As of last week, 16-year-old Jaden Scott has been taking testosterone for one full year. For many transgender men and boys, that’s a significant anniversary, because the beginning of testosterone hormone therapy is a big step forward towards a male body, and a life where they’re truly living as themselves. Jaden threw a party in his Fredericton home to mark the occasion.
And his proud parents were totally on board.
His dad, David Scott, posted a sweet, giddy Twitter thread about the party, which quickly went viral. Since then, he’s received hundreds of comments from trans or gender-nonconforming people telling him they wish their parents were as supportive and affirming as he was.
“It breaks my heart a little bit,” Scott told HuffPost Canada. “Barring anything super extreme, like serial killer-type things, there’s no reason to give up on your kids or to throw them out of the house. It blows my mind that parents can do that.”
When Jaden, who was assigned female at birth, initially told his parents that he’s trans, Scott said he felt surprised and initially a bit confused. But overall, he said, he had two significant concerns: he wanted to learn more about what it means to be trans so that he could support his son, and he was worried about the discrimination and hate Jaden might face.
Scott and his wife Heather took on the project of educating themselves, which largely came from following Jaden’s lead.
“He’d already done all the research,” Scott explained. “He knew what studies were saying, and what it meant to be on [puberty] blockers, or be on HRT [hormone replacement therapy], or whatever.”
Around that time, social media had opened him up to a few public figures with trans family members. He started following Ottawa-based writer Amanda Jetté Knox, who’s married to a trans woman and has a trans daughter and two cisgender boys.
“She engaged people who were willing to learn with facts, and with studies,” Scott remembers. ”‘Oh, here’s a link. That’s a good article. Bookmark it.’ I started bookmarking all these articles she’s sharing, grabbing all that information.”
He was also moved by the amount of public support Canadian comic Colin Mochrie showed his trans daughter, Kinley.
“This is [the] exact same person with a new coat,” Mochrie has said of his daughter. “When you have a child, all you want for your child is for them to be safe, to be happy, and to be better than you are.”
Seeing visible examples of happy, affirming trans families was helpful for Scott, he said.
Watch: Colin Mochrie’s advice for parents of trans children. Story continues after video.
At first, there was a degree of awkwardness in the shift of language — using Jaden’s new name instead of his old one, and switching from “she/her” to “he/him” pronouns. That’s often the case early on in someone’s transition, but Scott’s advice is to “just keep trying,” because after a while it will just become a habit.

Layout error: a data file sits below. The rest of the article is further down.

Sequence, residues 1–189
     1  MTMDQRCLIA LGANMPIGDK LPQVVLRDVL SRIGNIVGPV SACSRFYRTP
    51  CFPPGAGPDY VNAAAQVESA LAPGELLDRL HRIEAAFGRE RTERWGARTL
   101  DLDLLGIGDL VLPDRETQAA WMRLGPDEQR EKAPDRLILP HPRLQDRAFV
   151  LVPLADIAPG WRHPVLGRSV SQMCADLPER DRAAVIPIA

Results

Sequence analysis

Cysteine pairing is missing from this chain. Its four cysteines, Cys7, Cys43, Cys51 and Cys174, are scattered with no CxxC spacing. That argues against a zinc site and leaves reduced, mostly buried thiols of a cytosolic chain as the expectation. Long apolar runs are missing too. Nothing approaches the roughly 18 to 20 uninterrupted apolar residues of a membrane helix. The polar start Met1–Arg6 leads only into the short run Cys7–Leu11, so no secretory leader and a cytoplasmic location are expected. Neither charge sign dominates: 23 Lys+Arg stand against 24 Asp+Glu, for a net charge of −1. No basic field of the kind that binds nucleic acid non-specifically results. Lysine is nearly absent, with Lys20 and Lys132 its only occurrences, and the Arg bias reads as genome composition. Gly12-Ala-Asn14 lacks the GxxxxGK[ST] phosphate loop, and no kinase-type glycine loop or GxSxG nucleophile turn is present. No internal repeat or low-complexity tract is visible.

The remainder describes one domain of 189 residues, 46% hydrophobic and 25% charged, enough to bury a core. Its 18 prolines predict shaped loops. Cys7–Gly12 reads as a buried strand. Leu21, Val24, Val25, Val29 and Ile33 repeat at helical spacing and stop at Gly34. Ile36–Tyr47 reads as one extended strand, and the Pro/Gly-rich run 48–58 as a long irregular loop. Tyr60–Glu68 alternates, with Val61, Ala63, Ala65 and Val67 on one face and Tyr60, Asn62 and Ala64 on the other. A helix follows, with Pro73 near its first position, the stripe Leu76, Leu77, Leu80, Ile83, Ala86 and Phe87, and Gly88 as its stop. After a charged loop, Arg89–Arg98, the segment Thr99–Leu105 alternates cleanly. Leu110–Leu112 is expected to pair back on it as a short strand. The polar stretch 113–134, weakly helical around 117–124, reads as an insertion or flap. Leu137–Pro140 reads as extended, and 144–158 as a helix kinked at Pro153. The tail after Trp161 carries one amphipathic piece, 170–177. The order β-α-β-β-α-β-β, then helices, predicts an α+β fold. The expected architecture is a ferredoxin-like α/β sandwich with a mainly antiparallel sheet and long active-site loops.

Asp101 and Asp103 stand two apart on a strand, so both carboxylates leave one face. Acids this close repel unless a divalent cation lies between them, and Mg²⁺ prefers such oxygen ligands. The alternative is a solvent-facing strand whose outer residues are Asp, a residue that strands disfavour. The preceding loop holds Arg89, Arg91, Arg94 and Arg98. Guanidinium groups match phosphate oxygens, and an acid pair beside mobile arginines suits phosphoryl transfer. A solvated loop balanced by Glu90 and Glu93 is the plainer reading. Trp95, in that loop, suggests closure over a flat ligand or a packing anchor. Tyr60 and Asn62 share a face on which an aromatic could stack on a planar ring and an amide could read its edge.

For him and Heather, one major part of that process was being mindful about using Jaden’s preferred pronouns all the time, not just when they were around their son. He made an effort to use the name “Jaden” when he talked about his two kids at work. He told his friends to correct him if he ever reverted back to the wrong pronouns.
“It seems small, in the grand scheme of things, but it’s so core to their identity,” Scott said. “Even that can help their mental health. Some people may not be able to transition medically for various reasons, financial or where they live, whatever. But anybody can change the name they’re called by.”
When people are resistant to make the change, he brings up the fact that we adjust names and identifiers for cis people all the time: “We know Michaels out there who we would never call ‘Mike,’” for instance.
The most important part of parenting, for Scott, is listening to your kids and letting them know you’re open and accepting. “It starts before they come out as trans or LGBTQ or ‘I don’t want to follow in the family footsteps,’” he said.
“When they’re young ... they pay attention to us. They see things that we don’t realize we’re doing in front of them. When they see us being transphobic or homophobic, they’re going to be afraid to come out. They’re going to internalize all that anguish. And it takes a toll on their mental health.
“So, listen to them and be open, before they end up hiding who they are. Because there’s a good chance you’re going to lose them at that point.”
He said he’s inspired by how Jaden lives so unapologetically. He’s even been inspired to embrace certain activities that aren’t seen as strictly “male” lately. He tried painting the trans flag on his thumb for Fredericton Pride last year, just to show support, and realized nail polish was fun to play around with.
“I like sparkles,” he said. “It makes me smile at work when I’m typing away.
“I wish I’d been as confident in myself in my 20s.”
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